•The National Treasury has allocated Sh38 billion to expand access to clean and adequate water for domestic and agricultural use.
•Any reduction in allocation for environment protection puts to question Kenya's commitment to reverse ecosystem degradation and biodiversity loss.
The National Treasury has allocated Sh38 billion to expand access to clean and adequate water for domestic and agricultural use.
Treasury CS Ukur Yatani said the money will go towards water and sewerage infrastructure development.
“I have proposed Sh16.4 billion allocated for water resources management and Sh 10.8 billion for water storage and flood control,” he said.
Yatani set aside Sh10.5 billion for irrigation and land reclamation and Sh1.6 billion for water harvesting and storage for irrigation.
To support the environment and water conservation, the CS set aside Sh9.6 billion for forests and water towers conservation and Sh3.3 billion for environmental management and protection.
The CS said Sh1.4 billion will go to the Meteorological Service while Sh8.2 billion will go to wildlife conservation and management.
Nature Kenya director Paul Matiku said allocation towards environmental protection, water and natural resources sector ought to have been increased.
“At a bare minimum, the government needs to allocate Sh 100 billion annually for the restoration of ecosystems to mitigate biodiversity loss, climate change and pollution,” he said.
Matiku said any reduction in allocation for environment protection puts to question Kenya's commitment to reverse ecosystem degradation and biodiversity loss.
He said such a reduction also puts to question efforts on sustainable development in line with Sustainable Development Goals and the UN Decade on Restoration targets and objectives of various Multi-Lateral Environmental Agreements ratified.
“Nature Kenya is disappointed with this decision, especially when there is an urgent global call for ecosystem restoration,” he said.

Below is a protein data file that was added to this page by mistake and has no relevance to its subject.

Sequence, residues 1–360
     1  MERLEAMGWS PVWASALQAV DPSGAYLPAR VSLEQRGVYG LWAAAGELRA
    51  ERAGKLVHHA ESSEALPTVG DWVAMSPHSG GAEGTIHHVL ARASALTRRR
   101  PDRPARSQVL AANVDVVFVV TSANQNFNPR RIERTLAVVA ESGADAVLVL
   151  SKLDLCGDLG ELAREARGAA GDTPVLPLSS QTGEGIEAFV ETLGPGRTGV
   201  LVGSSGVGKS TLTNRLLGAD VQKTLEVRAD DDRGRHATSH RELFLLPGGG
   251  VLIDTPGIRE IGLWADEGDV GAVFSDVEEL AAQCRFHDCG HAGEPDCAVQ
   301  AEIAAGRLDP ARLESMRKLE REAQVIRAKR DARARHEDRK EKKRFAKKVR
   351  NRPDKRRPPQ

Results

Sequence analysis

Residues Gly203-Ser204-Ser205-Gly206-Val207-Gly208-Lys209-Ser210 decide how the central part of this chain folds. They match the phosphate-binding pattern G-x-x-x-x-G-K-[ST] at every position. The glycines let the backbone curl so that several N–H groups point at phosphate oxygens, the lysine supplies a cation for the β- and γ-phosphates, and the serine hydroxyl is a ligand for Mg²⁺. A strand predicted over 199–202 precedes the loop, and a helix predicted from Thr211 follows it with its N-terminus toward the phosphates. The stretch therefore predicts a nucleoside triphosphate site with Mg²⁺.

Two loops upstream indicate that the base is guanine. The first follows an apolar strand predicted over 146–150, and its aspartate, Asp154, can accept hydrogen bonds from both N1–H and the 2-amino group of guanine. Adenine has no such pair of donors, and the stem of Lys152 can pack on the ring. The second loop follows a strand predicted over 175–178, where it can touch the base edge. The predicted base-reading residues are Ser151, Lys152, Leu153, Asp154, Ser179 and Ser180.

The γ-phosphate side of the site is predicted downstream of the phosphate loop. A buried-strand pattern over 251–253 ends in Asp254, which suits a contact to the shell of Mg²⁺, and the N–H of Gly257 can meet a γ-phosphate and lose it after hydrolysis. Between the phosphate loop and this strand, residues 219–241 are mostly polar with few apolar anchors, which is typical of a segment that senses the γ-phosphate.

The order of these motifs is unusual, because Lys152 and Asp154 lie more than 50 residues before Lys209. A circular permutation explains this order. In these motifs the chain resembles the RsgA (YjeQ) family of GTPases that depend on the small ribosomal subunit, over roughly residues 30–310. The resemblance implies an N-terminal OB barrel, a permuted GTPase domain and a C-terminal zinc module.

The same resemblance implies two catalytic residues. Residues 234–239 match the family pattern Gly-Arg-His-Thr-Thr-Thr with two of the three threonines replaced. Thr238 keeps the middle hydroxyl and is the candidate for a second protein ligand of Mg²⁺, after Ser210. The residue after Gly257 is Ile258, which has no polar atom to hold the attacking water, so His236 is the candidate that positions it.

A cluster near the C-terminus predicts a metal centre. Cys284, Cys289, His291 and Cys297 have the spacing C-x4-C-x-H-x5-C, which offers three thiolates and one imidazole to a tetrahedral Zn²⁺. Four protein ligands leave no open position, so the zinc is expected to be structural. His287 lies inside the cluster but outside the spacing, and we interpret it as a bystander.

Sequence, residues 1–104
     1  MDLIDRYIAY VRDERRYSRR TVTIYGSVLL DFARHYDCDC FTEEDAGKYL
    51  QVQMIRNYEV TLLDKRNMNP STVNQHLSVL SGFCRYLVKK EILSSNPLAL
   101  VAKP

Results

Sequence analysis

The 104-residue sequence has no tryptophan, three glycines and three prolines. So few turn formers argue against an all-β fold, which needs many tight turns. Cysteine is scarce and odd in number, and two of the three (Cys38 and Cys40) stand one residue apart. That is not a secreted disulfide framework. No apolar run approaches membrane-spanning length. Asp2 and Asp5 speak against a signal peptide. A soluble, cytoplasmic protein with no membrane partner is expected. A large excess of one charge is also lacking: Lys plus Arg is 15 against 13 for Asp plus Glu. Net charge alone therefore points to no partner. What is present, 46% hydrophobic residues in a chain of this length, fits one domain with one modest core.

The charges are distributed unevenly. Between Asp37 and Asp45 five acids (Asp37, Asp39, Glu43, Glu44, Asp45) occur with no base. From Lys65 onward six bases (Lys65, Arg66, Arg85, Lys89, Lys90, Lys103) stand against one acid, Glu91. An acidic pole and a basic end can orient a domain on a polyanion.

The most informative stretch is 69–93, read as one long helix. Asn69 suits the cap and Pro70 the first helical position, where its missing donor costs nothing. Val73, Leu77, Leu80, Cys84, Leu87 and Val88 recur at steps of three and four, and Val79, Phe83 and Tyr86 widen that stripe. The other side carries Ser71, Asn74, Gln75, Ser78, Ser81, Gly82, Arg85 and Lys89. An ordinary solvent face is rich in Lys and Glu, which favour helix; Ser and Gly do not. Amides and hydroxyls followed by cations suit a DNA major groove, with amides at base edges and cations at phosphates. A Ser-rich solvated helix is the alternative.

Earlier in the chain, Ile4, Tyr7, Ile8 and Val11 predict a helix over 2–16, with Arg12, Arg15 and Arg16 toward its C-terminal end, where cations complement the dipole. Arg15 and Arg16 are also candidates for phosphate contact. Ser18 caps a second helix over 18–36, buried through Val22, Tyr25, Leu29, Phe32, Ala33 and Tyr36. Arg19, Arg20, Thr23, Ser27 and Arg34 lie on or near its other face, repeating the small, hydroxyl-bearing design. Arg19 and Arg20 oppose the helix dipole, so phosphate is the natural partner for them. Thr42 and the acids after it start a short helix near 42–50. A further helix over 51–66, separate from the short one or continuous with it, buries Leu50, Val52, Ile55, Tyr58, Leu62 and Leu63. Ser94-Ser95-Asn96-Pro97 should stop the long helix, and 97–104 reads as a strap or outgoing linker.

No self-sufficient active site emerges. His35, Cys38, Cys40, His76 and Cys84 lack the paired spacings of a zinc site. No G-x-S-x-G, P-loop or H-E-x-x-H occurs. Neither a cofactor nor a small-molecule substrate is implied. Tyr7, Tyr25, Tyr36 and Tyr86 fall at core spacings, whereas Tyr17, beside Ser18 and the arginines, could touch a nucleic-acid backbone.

Matiku said the contribution of the Environmental protection, Water and Natural Resources sector to Kenya’s economy is immense and cannot be underestimated.
“Ecosystems support life in various forms. Humans, wildlife, marine life and biodiversity depend on ecosystems for food, water, air, tourism, among other invaluable products and services that are the backbone for Kenya’s economic growth,” he said.
Unfortunately, these ecosystems (forests, wetlands, grasslands, coastal and marine, among others) are degrading at an alarming rate, and the effects are far-reaching.
He said millions of Kenyans face starvation occasioned by persistent droughts.
“Perennial floods and landslides are now a routine due to the depletion of vegetative cover. Erosion of soils in farms is contributing to poor crop yields. Soils swept upstream end up in water bodies such as lakes giving rise to water levels in lakes, as witnessed in the Rift Valley” he said.
He said the cumulative effects of degradation put a strain on the economy, and by extension, taxpayers' pockets.
Matiku said the cutback in the environment budget significantly waters down restoration efforts.
A good chunk of the allocation is for recurrent expenditure. Little funding is left for delivering tangible conservation actions to reverse the loss of nature, he said.
He urged the government to honour its restoration commitments.
In the financial year 2020/21, the treasury set aside Sh1.0 billion to support flood control using local labour in the most affected areas.
Also, set aside was Sh 850 million to cater for the rehabilitation of wells, water pans and underground tanks in ASAL areas using local labour and Sh 540 million to enhance tree planting programme across the country using locally sourced seedlings.
Edited by Kiilu Damaris